This article, file, template, or category has been reviewed.
Click here to see the review.
The titanosaurs were among some of the biggest, heaviest, and last of the massive herbivorous sauropods. The titanosaurs first evolved in the Late Jurassic as large browsers. However, they didn't diversify until the Early Cretaceous when their relatives became extinct. In our home timeline, the titanosaurs died out at the end of the Cretaceous when a meteor the size of Mount Everest smashed in the Gulf of Mexico and wiped out all non-avian dinosaurs. However, in this alternate timeline, the cooling trend of the Cretaceous gave the titanosaurs time to adapt to a colder climate. This allowed a few species to survive the mass extinction. From the Cretaceous to the Paleocene-Eocene Thermal Maximum, they lived on all the continents and were very diverse.
Unfortunately, at the end of the Eocene, the titanosaurs went into severe decline. They died out in the Americas and Eurasia due to competition from ornithopods. They also went extinct in Antarctica during the Oligocene due to the cooling climate. By the Miocene, the only titanosaurs left lived in Africa and Australia. Then during the Late Miocene, the ceratopsians and therizinosaurs migrated from Eurasia to Africa and brought serious competition for the titanosaurs. However, the titanosaurs in Australia stayed diverse.
False Camarasaurs (Family: Parvoposeidonidae)Edit
These small titanosaurs are a relic from the Paleocene-Eocene Thermal Maximum. They get their name because the have an anatomy very similar to the extinct Camarasaurus. They have this small size due to the limited space of the dense rainforest of northern Australia and New Guinea.
These small titanosaurs are also a very ancient group. They first evolved during the early Eocene in Eurasia when much of the world was still tropical rainforest. There were at least two dozen species of these small titanosaurs living from England-China. However, due to the drying climate of the Oligocene, the false camarasaurs only lived in parts of east Asia and Indonesia. Then, during the Miocene, a few species managed to island-hop to Australia. When the Pleistocene arrived, the Parvaposeidoniids went extinct in east Asia due to their Rainforest home drying out completely.
This ancient group contains only two species in the present day. These species are the Australian false camarasaur (Parvoposeidon australis) from northern Australia and the New Guinea false camarasaur (Parvoposeidon septentrionali) from New Guinea.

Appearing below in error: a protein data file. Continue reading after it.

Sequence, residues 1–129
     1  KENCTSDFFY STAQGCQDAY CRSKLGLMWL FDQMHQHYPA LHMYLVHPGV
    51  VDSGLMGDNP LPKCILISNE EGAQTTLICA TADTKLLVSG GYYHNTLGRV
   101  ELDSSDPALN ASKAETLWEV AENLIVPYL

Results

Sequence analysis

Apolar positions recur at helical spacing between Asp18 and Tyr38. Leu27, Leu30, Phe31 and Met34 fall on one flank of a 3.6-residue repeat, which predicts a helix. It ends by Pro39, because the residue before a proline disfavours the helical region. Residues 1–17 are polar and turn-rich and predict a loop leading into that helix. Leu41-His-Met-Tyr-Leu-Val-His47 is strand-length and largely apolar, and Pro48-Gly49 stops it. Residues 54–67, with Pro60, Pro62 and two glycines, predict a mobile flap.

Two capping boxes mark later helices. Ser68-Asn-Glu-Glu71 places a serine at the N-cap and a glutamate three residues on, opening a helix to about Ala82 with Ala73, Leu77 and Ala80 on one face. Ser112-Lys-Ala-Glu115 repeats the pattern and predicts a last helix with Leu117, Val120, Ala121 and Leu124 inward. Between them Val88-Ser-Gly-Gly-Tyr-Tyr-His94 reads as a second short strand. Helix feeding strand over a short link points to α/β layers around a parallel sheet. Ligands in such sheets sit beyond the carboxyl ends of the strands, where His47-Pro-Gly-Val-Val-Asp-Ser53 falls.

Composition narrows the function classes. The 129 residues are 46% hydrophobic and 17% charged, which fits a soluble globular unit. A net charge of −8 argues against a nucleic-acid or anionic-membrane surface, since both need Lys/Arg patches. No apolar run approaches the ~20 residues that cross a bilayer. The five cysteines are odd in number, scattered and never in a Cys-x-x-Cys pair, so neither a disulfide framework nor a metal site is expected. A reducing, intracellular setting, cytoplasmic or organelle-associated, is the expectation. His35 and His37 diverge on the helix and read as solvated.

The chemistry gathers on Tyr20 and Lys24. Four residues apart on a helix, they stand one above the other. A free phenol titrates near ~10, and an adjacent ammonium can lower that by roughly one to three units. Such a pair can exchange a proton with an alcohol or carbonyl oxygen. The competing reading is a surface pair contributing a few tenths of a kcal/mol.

Desert Titans (Family: Desertotitanidae) Edit
When Australia's arid grasslands arrived during the Miocene, most sauropod groups on the continent went extinct because most of them were browsers and couldn't adapt to the spread of grass-like ferns. However, two group was able to survive. One these were the desert titans.
The desert titans get their name for their gigantic size and desert lifestyle. They eat mainly desert shrubs and grass-like ferns. These giants can also go for weeks without water. The desert titans first evolved in the Miocene when the dense forests started to dry out into vast fern prairies and arid desert. Today, they have a good diversity, having several species.
- Western Desert Titan (Desertotitan occidentalis)
- Southern Desert Titan (Desertotitan australis)
- Central Desert Titan (Desertotitan centrum)
Savannah Stompers (Family: Campusidae)Edit
This is the only group of titanosaurs left in Africa. The invasion of ceratopsians and therizinosaurs from Eurasia occured during the Late Miocene and Early Pliocene; and these two groups were more successful plant eaters than the titanosaurs and the two groups nearly drove the African titanosaurs to extinction. The reason that the savannah stompers survived might've been because they ate the grass-like ferns while the ceratopsians and therizinosaurs were browsers.
The savannah stompers are the biggest dinosaurs on the planet in this alternate timeline. They are over 30 meters in length. They also have armor similar to a Saltasaurus. Savannah stompers get their name because they constantly trample forests in order to feed on the grass-like ferns that grow between the trees. There are several species of savannah stomper, three live on the African mainland while one species lives on Madagascar.
- Barbary Savannah Stomper (Campus atlas)
- Sub-Saharan Savannah Stomper (Campus campus)
- Madagascar Stomper (Truncatis trucantis)
- Pygmy Stomper (Pygmaeo madagascarensis)
|Sauropsida||Archosauria||Theropoda||Abelisauroidea • Aves • Dromaeosauridae • Gigaraptornae (Dinosaurs of the Ice Age) • Ornithomimosauria • Therizinosauria • Tyrannosauroidea|
|Ornithischia||Ankylosauria • Ceratopsia • Ornithopoda|
|Lepidosauromorpha||Plesiosauria • Squamata|
|Mammalia||Eutheria • Metatheria • Monotremata|